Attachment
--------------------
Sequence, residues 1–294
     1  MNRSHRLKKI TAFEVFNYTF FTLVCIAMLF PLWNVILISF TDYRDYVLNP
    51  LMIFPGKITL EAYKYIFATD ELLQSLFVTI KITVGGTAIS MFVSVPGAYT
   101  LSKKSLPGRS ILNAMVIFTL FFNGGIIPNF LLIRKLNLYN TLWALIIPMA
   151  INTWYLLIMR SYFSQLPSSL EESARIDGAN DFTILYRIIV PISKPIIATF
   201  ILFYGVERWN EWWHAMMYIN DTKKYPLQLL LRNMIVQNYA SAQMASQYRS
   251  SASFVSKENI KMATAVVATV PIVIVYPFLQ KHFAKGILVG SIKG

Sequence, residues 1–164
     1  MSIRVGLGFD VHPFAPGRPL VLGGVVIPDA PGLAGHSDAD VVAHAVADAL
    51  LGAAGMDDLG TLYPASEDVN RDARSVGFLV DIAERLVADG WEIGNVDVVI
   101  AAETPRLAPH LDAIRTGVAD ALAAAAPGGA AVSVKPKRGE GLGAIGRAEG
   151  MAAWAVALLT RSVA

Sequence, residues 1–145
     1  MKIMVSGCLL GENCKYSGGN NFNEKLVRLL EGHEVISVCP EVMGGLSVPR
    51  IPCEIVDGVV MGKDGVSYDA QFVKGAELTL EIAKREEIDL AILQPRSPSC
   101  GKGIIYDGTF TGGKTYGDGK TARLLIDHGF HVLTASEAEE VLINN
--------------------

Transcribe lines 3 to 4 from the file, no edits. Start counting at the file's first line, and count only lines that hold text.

    51  LMIFPGKITL EAYKYIFATD ELLQSLFVTI KITVGGTAIS MFVSVPGAYT
   101  LSKKSLPGRS ILNAMVIFTL FFNGGIIPNF LLIRKLNLYN TLWALIIPMA